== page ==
By convention, ministers are members of either the House of Commons or the House of Lords. A handful have been appointed who were outside Parliament, but in most cases they then entered Parliament in a by-election or by receiving a peerage (being made a life peer). Since 1902, all prime ministers have been members of the Commons; the sole exception was during the long summer recess in 1963: the 14th Earl of Home disclaimed his peerage (under a new mechanism which remains in force) three days after becoming prime minister, and became Sir Alec Douglas-Home. The new session of Parliament was delayed to await the outcome of his by-election, which happened to be already under way due to a recent death. As anticipated, he won that election, which was for the highest-majority seat in Scotland among his party; otherwise he would have been constitutionally obliged to resign.

Since 1990, almost all ministers, save for three whose offices are an intrinsic part of the House of Lords, have belonged to the Commons.

Few major cabinet positions (except Lord Privy Seal, Lord Chancellor and Leader of the House of Lords) have been filled by a peer in recent times. Notable exceptions are Peter Carington, 6th Lord Carrington, who served as Foreign Secretary from 1979 to 1982; David Young, Lord Young of Graffham, who was appointed Employment Secretary in 1985; Lord Mandelson, who served as Business Secretary; Lord Adonis, who served as Transport Secretary; and Baroness Amos, who served as International Development Secretary. The elected status of members of the Commons (as opposed to the unelected Lords) and their direct accountability to that House, together with empowerment and transparency, ensures ministerial accountability. Responsible government is an international constitutional paradigm. The prime minister chooses the ministers, and may decide to remove them at any time, although the appointments and dismissals are formally made by the Sovereign.

Scrutiny of the government

The House of Commons formally scrutinises the Government through its Committees and Prime Minister's Questions, when members ask questions of the prime minister; the House gives other opportunities to question other cabinet ministers. Prime Minister's Questions occur weekly, normally for half an hour each Wednesday. Questions must relate to the responding minister's official government activities, not to his or her activities as a party leader or as a private Member of Parliament. Customarily, members of the Government party/coalition and members of the Opposition alternate when asking questions. Members may also make inquiries in writing.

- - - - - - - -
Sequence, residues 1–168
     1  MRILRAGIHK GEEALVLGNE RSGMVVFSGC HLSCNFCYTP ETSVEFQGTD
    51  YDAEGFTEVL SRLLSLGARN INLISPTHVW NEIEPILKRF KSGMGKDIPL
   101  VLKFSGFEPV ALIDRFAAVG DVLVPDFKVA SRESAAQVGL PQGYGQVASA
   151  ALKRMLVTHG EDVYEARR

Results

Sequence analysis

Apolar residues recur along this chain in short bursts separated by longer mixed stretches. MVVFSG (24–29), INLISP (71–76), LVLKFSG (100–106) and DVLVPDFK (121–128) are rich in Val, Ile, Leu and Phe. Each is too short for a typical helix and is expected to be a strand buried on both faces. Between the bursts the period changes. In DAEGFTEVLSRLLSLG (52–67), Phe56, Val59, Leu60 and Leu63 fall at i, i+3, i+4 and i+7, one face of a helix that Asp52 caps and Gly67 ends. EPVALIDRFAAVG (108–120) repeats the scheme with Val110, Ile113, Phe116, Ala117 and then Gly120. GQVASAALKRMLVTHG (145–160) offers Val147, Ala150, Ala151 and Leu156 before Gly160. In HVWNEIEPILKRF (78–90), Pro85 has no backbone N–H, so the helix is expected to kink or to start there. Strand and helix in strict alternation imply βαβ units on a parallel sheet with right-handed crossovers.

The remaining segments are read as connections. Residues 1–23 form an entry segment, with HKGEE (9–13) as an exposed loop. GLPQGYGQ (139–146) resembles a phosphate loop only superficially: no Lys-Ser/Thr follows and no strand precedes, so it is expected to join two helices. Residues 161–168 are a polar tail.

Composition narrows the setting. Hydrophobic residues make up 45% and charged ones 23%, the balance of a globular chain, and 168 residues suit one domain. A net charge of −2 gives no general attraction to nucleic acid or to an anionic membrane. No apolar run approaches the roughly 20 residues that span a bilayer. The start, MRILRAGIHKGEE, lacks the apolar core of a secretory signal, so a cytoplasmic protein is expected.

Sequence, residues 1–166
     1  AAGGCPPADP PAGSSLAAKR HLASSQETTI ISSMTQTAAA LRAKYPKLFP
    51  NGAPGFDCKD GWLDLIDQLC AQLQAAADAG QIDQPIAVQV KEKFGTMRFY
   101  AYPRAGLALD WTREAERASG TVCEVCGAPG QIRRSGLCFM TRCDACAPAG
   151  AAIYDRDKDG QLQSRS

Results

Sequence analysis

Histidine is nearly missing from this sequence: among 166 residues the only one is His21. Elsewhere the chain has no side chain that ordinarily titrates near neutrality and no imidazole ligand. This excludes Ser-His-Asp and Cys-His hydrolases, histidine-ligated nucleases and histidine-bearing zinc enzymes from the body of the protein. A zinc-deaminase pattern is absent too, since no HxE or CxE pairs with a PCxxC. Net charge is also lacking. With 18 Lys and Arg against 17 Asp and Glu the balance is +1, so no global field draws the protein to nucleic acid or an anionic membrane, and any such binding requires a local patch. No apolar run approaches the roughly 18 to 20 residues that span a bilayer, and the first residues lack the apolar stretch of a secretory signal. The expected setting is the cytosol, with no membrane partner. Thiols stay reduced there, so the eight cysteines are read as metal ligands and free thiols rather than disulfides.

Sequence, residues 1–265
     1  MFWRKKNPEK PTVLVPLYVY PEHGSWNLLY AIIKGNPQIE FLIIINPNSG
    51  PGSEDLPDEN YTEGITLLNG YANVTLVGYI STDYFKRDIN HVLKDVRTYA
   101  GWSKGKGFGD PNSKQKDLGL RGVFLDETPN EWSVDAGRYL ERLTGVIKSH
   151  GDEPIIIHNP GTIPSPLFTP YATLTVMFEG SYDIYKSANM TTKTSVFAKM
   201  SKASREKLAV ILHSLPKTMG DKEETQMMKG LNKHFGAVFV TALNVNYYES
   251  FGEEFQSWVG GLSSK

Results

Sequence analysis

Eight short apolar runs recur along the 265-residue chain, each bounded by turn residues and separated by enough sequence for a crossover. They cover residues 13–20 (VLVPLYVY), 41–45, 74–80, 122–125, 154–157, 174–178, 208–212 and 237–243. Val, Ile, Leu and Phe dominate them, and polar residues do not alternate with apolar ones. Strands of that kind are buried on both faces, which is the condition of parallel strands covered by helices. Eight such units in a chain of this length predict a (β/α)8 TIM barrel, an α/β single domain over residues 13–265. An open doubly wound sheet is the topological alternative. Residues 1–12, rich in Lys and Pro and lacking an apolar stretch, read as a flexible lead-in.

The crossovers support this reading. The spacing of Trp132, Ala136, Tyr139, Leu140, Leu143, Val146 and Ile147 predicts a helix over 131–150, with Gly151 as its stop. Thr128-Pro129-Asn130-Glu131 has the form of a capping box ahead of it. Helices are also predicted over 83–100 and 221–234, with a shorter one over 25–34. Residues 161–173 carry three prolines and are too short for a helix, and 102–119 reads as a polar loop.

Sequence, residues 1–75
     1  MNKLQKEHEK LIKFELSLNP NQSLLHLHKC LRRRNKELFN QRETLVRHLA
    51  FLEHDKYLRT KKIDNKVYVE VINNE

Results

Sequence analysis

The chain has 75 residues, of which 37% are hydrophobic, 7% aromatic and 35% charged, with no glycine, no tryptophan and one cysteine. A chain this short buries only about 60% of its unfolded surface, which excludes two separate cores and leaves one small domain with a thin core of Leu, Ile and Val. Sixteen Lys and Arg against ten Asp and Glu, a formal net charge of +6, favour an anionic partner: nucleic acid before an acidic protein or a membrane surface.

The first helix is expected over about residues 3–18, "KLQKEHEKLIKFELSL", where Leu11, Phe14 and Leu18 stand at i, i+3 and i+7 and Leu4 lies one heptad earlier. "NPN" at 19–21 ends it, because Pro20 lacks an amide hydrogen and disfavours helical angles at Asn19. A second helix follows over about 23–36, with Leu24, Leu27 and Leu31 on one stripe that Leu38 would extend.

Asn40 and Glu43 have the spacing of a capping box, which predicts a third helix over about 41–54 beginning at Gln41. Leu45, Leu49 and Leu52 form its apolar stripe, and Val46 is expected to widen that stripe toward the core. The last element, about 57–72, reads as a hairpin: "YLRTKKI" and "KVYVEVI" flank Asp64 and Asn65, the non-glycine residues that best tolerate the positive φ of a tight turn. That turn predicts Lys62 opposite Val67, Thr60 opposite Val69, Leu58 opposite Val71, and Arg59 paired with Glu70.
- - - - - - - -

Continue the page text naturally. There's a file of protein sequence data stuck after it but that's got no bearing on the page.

In practice, this scrutiny can be fairly weak. Since the first-past-the-post electoral system is employed, the governing party often enjoys a large majority in the Commons, and ministers and departments practise defensive government, outsourcing key work to third parties. If the government has a large majority, it has no need or incentive to compromise with other parties, apart from working in Select Committees for personal acclaim[clarification needed]. Major modern British political parties tend to be so tightly orchestrated that their MPs often have little scope for free action. A large minority of ruling party MPs are paid members of the Government. Since 1900 the Government has lost confidence motions three times — twice in 1924, and once in 1979. However, the threat of rebellions by their own party's backbench MPs often forces governments to make concessions (under the Coalition, over foundation hospitals and under Labour over top-up fees and compensation for failed company pension schemes). Occasionally Government bills are defeated by backbench rebellions (Terrorism Act 2006). However, the scrutiny provided by the Select Committees is more serious.

The House of Commons technically retains the power to impeach Ministers of the Crown (or any other subject, even if not a public officer) for their crimes. Impeachments are tried by the House of Lords, where a simple majority is necessary to convict. But this power has fallen into disuse: the House of Commons exercises its checks on the government through other means, such as no confidence motions; the last impeachment was that of Henry Dundas, 1st Viscount Melville in 1806.

Legislative functions

Bills may be introduced in either house, though bills of importance generally originate in the House of Commons. The supremacy of the Commons in legislative matters is assured by the Parliament Acts, under which certain types of bills may be presented to the Queen for Royal Assent without the consent of the House of Lords. The Lords may not delay a money bill (a bill that, in the view of the Speaker of the House of Commons, solely concerns national taxation or public funds) for more than one month. Moreover, the Lords may not delay most other public bills for more than two parliamentary sessions, or one calendar year. These provisions, however, only apply to public bills that originate in the House of Commons. Moreover, a bill that seeks to extend a parliamentary term beyond five years requires the consent of the House of Lords.

By a custom that prevailed even before the Parliament Acts, only the House of Commons may originate bills concerning taxation or Supply. Furthermore, supply bills passed by the House of Commons are immune to amendments in the House of Lords. In addition, the House of Lords is barred from amending a bill so as to insert a taxation or supply-related provision, but the House of Commons often waives its privileges and allows the Lords to make amendments with financial implications. Under a separate convention, known as the Salisbury Convention, the House of Lords does not seek to oppose legislation promised in the Government's election manifesto. Hence, as the power of the House of Lords has been severely curtailed by statute and by practice, the House of Commons is clearly the more powerful chamber of Parliament.

Other Languages
Bân-lâm-gú: Bîn-chiòng Īⁿ
dansk: Underhuset
한국어: 서민원
Bahasa Indonesia: Dewan Rakyat Britania Raya
polski: Izba Gmin
српски / srpski: Дом комуна
srpskohrvatski / српскохрватски: Britanski Dom komuna
Türkçe: Avam Kamarası